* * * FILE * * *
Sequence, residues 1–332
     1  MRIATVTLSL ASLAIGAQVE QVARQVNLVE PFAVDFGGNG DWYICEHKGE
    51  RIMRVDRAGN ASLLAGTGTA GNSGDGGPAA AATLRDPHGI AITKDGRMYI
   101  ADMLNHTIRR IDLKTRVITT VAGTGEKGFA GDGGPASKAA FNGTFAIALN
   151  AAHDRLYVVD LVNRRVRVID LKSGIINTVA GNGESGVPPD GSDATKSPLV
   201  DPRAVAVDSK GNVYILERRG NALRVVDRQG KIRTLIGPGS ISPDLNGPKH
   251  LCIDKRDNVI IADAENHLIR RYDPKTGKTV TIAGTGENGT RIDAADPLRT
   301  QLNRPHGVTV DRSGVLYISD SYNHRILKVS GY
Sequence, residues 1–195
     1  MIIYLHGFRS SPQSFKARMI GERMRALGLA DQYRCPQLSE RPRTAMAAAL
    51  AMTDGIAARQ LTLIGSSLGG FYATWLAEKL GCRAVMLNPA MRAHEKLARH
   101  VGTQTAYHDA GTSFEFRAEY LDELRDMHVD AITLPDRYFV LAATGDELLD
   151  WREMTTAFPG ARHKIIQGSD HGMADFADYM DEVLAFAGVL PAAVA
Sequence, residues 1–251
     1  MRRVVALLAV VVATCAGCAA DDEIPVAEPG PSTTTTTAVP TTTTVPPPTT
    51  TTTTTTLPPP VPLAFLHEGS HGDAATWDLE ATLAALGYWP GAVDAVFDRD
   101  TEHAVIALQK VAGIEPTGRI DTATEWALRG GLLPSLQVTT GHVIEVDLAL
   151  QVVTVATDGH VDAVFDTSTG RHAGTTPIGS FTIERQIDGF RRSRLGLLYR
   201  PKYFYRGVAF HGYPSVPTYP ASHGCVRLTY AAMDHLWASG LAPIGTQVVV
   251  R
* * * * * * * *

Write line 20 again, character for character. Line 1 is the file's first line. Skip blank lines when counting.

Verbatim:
   251  R